Managing Coding Style in JavaScript with eslint

I’m a big fan of linters, especially in the case of JavaScript.  Most languages are statically typed and have fairly well known and rigid formatting.  This allows consumers of the language to read source code and easily digest what it is doing.  Not so JavaScript.  Some of the code is so badly written that you have to run it to figure it out. Naturally, I want to avoid writing bad code, so the use of linters is mandatory.

JavaScript linters, including JSLint, JSHint and my favorite – ESLint, provide many functional benefits to you by statically analyzing your code.  They can uncover a slew of issues before you even run the code.  ESLint breaks down the rules (there are over 200 rules in the default set) into three major areas – potential errors, best practices and style. I use eslint because it supports ES2015 and React/JSX out of the box.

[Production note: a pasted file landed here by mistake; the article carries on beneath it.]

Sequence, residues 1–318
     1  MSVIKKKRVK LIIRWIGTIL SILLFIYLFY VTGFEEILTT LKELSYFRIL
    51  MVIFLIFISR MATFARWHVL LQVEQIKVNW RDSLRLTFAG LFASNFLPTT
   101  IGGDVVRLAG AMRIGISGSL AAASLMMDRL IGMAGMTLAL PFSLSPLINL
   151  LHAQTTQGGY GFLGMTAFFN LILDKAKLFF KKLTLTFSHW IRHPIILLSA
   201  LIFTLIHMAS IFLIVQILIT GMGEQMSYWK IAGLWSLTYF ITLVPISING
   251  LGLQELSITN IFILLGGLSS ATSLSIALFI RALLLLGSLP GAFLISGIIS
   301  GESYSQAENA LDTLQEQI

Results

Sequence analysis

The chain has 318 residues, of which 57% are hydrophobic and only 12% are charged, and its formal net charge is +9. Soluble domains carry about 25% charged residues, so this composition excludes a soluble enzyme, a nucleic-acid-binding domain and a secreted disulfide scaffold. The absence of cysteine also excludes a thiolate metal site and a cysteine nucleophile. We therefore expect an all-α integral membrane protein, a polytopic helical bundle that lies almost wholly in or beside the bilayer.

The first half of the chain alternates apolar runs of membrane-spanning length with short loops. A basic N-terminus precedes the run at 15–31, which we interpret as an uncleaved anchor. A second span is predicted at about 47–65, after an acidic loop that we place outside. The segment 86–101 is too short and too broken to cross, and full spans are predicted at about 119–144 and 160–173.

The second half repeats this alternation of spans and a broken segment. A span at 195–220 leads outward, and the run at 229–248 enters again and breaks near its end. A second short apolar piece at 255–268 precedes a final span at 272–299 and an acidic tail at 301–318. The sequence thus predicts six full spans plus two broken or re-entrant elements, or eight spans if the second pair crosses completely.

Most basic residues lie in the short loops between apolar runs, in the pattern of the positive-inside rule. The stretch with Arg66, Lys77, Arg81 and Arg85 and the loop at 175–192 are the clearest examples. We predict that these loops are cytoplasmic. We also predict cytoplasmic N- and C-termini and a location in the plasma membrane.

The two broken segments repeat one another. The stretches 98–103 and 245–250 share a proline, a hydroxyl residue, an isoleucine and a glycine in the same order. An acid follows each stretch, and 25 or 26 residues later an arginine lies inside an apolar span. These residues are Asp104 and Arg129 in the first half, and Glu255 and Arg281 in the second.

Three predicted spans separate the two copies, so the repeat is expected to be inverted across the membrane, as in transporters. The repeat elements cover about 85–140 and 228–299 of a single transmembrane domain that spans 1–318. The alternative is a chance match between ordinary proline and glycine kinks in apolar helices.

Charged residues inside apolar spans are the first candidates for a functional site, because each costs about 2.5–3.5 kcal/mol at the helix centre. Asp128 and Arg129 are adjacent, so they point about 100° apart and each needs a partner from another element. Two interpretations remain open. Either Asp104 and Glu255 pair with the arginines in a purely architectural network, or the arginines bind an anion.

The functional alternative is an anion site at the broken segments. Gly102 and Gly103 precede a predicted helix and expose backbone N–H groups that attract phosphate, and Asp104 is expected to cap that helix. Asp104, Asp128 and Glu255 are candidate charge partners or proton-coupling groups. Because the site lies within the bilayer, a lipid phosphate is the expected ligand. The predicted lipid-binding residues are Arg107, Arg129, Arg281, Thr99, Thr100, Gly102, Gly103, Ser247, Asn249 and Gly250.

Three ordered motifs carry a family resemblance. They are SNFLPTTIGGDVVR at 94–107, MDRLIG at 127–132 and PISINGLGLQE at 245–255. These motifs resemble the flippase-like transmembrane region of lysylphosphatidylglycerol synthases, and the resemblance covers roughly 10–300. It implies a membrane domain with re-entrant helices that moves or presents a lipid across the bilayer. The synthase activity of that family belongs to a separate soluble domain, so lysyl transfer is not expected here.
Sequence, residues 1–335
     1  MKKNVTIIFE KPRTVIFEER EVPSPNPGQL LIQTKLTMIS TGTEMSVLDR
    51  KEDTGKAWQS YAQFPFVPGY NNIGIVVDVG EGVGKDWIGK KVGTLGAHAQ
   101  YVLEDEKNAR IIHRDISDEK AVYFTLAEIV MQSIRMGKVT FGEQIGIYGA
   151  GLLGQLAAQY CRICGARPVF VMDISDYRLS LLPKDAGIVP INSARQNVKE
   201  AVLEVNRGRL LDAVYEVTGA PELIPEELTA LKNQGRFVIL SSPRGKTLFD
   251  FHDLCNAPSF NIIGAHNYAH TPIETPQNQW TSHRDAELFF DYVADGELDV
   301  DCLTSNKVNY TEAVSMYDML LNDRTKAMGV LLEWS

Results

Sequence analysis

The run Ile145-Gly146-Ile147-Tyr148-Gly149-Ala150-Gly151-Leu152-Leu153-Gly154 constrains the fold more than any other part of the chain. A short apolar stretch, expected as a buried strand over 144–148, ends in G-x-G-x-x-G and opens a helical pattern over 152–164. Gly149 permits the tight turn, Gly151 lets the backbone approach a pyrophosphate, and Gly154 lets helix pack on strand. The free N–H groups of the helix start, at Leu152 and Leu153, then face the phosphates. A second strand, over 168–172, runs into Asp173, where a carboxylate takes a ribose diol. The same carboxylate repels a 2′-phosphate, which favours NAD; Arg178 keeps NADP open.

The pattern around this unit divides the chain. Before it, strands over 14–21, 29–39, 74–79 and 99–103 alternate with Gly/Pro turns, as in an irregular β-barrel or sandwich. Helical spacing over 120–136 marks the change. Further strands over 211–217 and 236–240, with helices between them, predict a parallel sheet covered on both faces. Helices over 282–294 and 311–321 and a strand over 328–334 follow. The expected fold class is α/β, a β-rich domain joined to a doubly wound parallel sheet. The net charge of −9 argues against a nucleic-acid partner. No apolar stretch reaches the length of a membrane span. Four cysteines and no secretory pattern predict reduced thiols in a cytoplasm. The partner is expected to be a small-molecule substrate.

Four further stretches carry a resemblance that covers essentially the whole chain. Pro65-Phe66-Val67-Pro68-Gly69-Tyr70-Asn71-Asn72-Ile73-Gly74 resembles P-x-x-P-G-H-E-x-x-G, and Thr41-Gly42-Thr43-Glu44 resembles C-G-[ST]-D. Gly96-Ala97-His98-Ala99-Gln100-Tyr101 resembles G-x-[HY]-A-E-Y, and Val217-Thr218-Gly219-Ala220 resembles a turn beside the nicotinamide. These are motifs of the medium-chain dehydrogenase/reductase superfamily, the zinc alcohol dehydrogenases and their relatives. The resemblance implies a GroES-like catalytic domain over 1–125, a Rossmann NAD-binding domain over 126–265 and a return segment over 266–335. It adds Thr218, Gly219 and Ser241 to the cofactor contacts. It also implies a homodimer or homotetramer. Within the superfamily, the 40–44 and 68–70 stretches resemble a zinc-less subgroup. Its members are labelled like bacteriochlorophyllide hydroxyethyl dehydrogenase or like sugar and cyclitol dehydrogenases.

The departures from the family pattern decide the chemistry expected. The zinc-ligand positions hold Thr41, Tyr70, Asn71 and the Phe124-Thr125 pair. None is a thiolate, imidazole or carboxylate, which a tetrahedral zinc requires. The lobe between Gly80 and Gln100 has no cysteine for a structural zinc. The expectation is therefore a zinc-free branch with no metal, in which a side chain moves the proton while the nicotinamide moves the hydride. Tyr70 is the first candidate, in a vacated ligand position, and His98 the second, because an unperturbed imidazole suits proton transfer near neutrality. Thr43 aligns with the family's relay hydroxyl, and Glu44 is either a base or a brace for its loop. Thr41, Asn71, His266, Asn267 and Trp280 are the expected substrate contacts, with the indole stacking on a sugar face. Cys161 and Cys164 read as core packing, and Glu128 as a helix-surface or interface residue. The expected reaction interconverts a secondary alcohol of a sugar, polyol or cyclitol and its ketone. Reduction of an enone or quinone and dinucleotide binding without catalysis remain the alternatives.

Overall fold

If you use an alternative, then you have:

There really is no good reason to NOT use a linter.

Let’s take a quick step back and go through how you use this.  Firstly, you need to install eslint:

npm install -g eslint

Then you need to create a configuration file.  I prefer my configuration file to be in JavaScript – it allows me to document the configuration so that I remember why I put a particular setting in there.  The filename of the configuration file is .eslintrc.js.  You can find my as a gist on The basics of this file are here:

var OFF = 0, WARN = 1, ERROR = 2;

module.exports = exports = {
    "env": {
        "es6": true,
        "browser": true,
        "commonjs": true

    "ecmaFeatures": {
        // env=es6 doesn't include modules, which we are using